A limited liability partnership (LLP) agreement is a legal contract entered into by the members of an LLP. The agreement will determine their rights and duties. Members in an LLP are taxed in the same way as partners in a partnership, except that in certain circumstances they may be deemed to be employees and their income tax calculated as such.
Although there is no legal requirement to create an agreement, it's advisable to do so. An agreement will clarify the relationship between the members.
If there is no written agreement, there are some basic terms in legislation that govern LLPs. However, relying on them is risky and can lead to serious conflict sometimes. Therefore, most professional LLPs enter into a formal written agreement.
The specific terms of an LLP agreement will be determined by the individual requirements of each LLP. However, an LLP agreement will usually address the following:
The capital of an LLP is the amount or value that each of you has agreed to invest in the LLP. It can be made in cash, assets or in kind (e.g. a member's skills, connections or reputation). The amount or value that is contributed is recorded on a capital account for each member.
The profits and losses of an LLP will be split between you and the other members after planning and agreeing annual accounts. The amount of profit that each member receives or the amount of the loss that they're liable for will be set out in the agreement. This could vary depending on the LLP's performance. The agreement could also provide for part of the profits to be paid as interest calculated on the members' capital contributions.
The members may have their own financial requirements that they might not be able to meet if they had to wait until their profit share was determined at the end of each year. As a result, they can take a set amount of money from the LLP funds each month. This is a payment on account of their annual profit share. This payment is called 'drawings'.
The difference in value between the assets of the LLP and its value as a running business is called 'goodwill'. Certain items add value to the goodwill of a business. These include contacts, geographical location, the reputation of a business or product, monopoly rights and development potential.
The calculation of goodwill is far from scientific, and you may need help from an expert like an accountant. It's frequently excluded from the annual accounts, since it represents only an estimated, insubstantial value. If you leave the LLP, you may be entitled to a goodwill share and the agreement should provide for this.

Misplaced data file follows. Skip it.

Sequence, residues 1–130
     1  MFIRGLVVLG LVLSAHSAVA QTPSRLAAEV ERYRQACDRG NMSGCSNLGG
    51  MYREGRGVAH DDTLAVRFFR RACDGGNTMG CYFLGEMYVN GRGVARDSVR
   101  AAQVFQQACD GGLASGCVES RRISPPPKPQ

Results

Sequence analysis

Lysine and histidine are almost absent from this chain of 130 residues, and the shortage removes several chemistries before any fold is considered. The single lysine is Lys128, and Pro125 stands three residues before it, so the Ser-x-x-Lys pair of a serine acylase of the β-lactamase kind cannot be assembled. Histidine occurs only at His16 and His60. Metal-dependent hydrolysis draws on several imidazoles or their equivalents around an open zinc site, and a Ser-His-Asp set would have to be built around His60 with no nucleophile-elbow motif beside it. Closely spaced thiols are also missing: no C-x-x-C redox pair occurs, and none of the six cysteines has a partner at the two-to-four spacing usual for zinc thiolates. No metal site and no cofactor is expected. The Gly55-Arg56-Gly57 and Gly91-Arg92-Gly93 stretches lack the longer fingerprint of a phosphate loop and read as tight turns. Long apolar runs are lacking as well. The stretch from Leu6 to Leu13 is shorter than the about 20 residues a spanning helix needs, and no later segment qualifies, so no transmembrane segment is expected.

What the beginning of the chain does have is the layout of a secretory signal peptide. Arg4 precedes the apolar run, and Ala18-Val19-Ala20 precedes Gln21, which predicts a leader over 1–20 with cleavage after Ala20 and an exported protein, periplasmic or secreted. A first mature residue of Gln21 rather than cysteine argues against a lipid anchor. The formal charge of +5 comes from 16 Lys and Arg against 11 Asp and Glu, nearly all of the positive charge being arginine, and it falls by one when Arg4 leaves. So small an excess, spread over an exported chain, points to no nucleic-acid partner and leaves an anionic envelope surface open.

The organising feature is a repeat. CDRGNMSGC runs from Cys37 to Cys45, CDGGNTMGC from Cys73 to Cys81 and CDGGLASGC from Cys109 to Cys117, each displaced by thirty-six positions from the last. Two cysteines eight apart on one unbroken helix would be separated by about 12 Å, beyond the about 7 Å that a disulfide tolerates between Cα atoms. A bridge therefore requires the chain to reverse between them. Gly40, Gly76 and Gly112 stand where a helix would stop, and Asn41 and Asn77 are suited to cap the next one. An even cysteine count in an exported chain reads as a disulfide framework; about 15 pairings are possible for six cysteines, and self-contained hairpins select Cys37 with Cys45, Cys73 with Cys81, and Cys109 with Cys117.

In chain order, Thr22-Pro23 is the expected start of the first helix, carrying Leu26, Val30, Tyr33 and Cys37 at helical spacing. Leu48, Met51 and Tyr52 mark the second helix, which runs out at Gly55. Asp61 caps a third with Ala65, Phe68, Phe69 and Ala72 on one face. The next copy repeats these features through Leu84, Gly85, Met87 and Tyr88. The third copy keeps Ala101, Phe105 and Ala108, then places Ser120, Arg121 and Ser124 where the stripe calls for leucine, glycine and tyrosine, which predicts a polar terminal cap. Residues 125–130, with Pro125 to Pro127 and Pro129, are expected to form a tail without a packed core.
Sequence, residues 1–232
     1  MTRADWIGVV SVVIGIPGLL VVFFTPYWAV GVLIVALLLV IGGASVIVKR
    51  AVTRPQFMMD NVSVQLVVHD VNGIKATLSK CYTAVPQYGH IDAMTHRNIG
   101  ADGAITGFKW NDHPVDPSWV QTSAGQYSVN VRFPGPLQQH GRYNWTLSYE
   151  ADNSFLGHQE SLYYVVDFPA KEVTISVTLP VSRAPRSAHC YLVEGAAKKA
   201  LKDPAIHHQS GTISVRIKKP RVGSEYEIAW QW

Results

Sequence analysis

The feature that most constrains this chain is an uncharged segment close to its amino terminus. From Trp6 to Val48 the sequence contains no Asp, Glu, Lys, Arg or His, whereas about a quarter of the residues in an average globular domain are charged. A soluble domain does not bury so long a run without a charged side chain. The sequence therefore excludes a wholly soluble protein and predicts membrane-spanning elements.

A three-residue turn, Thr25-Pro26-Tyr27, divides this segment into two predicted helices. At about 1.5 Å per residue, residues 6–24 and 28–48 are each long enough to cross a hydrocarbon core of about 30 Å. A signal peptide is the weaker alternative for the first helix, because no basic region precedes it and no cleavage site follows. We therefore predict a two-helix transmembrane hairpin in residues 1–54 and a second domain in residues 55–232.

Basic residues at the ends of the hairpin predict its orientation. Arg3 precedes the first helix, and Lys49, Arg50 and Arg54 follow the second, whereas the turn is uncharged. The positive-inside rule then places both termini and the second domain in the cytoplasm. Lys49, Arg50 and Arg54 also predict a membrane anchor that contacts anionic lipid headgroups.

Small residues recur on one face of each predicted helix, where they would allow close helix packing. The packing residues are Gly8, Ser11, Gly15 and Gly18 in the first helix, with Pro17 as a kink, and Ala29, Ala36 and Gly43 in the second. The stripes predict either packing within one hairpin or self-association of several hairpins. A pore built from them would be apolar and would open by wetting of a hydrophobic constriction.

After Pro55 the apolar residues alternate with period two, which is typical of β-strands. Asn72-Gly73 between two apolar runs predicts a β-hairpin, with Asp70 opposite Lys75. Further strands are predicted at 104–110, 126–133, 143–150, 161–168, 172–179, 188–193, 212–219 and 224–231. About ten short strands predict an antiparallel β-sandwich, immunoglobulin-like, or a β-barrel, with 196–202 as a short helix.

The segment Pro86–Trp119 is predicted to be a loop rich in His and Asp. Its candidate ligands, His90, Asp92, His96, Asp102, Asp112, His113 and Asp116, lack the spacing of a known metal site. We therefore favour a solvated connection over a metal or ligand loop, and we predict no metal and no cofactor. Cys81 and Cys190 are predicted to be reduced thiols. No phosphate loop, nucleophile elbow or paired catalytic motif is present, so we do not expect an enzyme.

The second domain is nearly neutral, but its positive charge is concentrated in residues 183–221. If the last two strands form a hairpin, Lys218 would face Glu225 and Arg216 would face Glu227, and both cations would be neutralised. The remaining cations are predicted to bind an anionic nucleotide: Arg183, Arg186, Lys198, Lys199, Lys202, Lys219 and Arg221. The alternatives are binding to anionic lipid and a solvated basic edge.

The agreement might set out the general duties of members to the LLP, e.g. the duty to act in good faith towards it.
The LLP agreement should contain indemnities. These are clauses that say the LLP will be responsible for and protect its members against any liabilities, or claims that they incur while carrying out the business of the LLP. The members should also agree to repay the LLP any loss caused by them breaching the LLP agreement.
There is no right to dismiss a member from the LLP if there is no express agreement stating this. The members might decide that they want to be able to dismiss a member if that member does specific things. These should be set out clearly in the agreement and the method to dismiss should also be stated.
The agreement should say how much you'll be paid if you stop being a member of the LLP. It should state your share of the LLP capital, undrawn profits and goodwill.
You need to distinguish between property that belongs to the LLP and property that belongs to an individual member. The LLP can use an asset that a member owns. However, that arrangement must be clearly stated in the agreement, so that ownership of the assets is clear.
There are 4 main ways that a LLP can be managed on a day-to-day basis:
When considering which type of management structure would be most appropriate, you should consider factors such as the size, approach and ethos of your LLP. Also bear in mind that if the LLP is managed by a managing member and/or management team, the other members can't restrict their activities or interfere with the management of the LLP (except in certain situations, such as misconduct).
After a member leaves the LLP, you may want to prevent them from competing with you. In order to achieve this, you can restrict the type of work that they can do after they leave. These restrictions will prevent them from competing with you, soliciting customers and poaching your staff. These restrictions are known as 'restrictive covenants'.
Restrictive covenants are only enforceable if they go no wider than necessary to protect legitimate interests of the LLP, and these interests would be damaged without the restrictive covenant.
The main types of restrictive covenants are:
These covenants aim to prevent a member from competing with the LLP in a particular field and particular geographic area. However, courts are reluctant to uphold these covenants and they won't be upheld if they're designed only to restrict competition. You must show that the former member had influence over their customers. Generally, it'll only be upheld if there is no other way to protect confidential information.
The area within which you bar the member from competing and the type of work they're prevented from doing must be reasonable. These mustn't be wider than is necessary to protect the LLP from damaging competition.
Non-soliciting and non-dealing of customers' covenants
After the member leaves the LLP, these covenants aim to prevent them from soliciting the business or customers of the LLP, and soliciting employees, consultants or members of the LLP.
It's essential for members to be able to resolve partnership disputes. Therefore, a dispute resolution clause is essential in any LLP agreement to avoid disputes that result in lengthy and expensive litigation.